Festival Opera

Greek

Festival Theatre

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Keith Bruce

five stars

WHAT a radical work is Mark-Anthony Turnage's first opera, co-commissioned by the Edinburgh Festival and seen at Leith Theatre in 1988, even after thirty years.

Playwright Steven Berkoff – given a huge cheer when he made his unsteady way on to the stage at the curtain call – may have given Turnage the raw material with his brutal London East End re-working of the Oedipus story, but it is as a bold modern revision of the 500-year-old art form that it has such impact. There are more vulgar words to come, but the opening "chorus" of the singers chanting "nah/leave off/Arsenal" sets the tone for music that is as demanding of attention as the language, which marks Berkoff out as the orginator of in-yer-face theatre before the term was coined.

Joe Hill-Gibbins's production for Opera Ventures and Scottish Opera places the four performers in front of a revolving white wall with two doorways that covers some lightning-fast scene and costume changes and also acts as a projection screen for work created on a table-top in the pit, where greasy-spoon breakfast ingredients are mixed with live maggots to add a further frisson.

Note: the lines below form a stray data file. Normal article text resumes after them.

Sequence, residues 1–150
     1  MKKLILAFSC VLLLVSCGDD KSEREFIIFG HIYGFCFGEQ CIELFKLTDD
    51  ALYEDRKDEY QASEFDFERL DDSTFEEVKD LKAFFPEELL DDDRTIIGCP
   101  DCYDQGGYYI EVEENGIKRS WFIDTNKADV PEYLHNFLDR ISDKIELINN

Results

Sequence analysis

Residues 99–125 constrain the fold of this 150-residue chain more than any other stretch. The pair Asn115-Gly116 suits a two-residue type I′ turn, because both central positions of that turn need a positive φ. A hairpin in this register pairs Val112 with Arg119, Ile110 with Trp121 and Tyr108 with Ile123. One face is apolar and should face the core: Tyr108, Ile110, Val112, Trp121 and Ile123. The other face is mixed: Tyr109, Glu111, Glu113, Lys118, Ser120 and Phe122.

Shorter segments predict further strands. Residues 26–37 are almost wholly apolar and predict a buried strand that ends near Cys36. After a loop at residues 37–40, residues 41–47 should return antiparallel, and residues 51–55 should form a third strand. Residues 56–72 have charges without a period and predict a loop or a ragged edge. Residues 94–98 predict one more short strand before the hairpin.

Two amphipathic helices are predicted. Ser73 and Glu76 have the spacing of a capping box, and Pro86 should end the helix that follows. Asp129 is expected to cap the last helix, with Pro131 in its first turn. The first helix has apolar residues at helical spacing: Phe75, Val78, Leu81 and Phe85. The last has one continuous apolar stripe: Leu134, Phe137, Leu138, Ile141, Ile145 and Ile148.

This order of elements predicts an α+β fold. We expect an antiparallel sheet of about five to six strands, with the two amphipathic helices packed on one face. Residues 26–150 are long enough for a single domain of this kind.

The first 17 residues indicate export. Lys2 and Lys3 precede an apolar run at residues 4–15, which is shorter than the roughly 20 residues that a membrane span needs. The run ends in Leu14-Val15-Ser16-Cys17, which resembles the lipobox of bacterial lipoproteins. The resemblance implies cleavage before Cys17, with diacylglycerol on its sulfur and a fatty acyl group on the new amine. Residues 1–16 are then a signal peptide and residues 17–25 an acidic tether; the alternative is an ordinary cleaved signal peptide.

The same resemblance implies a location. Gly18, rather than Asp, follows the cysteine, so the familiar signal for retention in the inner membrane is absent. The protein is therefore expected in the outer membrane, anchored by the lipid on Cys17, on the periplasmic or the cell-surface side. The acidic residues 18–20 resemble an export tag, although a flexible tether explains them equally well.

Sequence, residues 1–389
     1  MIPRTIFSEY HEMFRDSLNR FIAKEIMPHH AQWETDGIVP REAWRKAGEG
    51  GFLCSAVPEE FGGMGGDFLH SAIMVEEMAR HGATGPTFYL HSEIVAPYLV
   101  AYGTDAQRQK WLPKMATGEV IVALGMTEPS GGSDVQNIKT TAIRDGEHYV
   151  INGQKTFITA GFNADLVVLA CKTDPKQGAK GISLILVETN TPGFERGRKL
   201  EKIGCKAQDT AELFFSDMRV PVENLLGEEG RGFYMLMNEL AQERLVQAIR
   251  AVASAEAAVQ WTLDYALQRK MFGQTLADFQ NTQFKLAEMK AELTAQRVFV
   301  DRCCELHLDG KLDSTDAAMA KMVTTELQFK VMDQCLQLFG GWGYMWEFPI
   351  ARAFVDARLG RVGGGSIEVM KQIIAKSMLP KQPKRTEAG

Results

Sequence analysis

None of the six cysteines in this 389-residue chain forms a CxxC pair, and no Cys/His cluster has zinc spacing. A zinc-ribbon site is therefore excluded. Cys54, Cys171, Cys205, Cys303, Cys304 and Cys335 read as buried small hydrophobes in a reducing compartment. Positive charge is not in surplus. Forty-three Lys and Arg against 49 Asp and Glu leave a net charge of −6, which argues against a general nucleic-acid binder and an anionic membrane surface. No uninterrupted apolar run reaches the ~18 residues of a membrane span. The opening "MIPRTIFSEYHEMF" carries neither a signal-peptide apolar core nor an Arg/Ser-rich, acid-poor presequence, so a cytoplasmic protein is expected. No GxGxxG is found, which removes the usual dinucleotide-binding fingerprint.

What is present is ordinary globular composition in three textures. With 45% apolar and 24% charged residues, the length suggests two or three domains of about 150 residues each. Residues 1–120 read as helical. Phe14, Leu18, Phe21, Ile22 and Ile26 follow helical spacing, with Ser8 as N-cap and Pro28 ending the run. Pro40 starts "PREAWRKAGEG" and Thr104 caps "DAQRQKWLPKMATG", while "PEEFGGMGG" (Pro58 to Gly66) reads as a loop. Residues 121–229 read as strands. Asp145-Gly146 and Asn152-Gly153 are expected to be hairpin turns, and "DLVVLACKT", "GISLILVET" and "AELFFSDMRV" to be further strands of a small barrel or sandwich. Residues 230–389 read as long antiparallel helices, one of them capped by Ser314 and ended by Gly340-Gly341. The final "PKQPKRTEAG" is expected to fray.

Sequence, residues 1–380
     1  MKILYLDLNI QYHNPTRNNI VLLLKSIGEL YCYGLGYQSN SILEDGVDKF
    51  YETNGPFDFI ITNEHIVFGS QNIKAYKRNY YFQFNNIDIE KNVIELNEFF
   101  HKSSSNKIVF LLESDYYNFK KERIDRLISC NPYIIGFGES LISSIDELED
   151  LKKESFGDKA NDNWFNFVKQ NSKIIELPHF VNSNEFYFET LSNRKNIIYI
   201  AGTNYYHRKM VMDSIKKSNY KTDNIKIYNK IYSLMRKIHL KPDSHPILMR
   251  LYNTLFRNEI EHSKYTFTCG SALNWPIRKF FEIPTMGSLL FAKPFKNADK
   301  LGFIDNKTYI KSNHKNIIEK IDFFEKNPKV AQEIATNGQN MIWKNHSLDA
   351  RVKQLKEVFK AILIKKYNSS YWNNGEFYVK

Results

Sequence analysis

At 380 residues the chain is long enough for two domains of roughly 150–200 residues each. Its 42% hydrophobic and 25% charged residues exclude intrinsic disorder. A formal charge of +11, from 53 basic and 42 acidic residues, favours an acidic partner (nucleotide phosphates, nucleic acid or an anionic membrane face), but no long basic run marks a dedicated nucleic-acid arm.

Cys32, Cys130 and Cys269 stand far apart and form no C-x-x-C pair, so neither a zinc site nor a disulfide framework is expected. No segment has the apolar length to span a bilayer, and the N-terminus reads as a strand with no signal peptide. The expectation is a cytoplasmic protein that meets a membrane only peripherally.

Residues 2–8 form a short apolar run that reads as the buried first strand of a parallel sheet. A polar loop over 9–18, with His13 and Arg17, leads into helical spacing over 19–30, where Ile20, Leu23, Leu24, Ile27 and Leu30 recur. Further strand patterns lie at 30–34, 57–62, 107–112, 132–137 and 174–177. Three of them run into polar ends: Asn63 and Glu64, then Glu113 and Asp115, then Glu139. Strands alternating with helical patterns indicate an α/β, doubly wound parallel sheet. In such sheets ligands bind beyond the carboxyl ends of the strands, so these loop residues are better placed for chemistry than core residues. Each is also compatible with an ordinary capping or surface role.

All of which means that Susan Bullock, Allison Cook, Andrew Shore and Alex Otterburn are required to do a great deal more than sing, although all do that superbly as well as deliver the non-sung text. For Scottish Opera Emerging Artist Alex Otterburn in particular, the central role of Eddy is a huge achievement.

So too is the work of the musicians of the Orchestra of Scottish Opera with their own unusual array of kit in the pit, and another feather in the cap of the company's music director Stuart Stratford.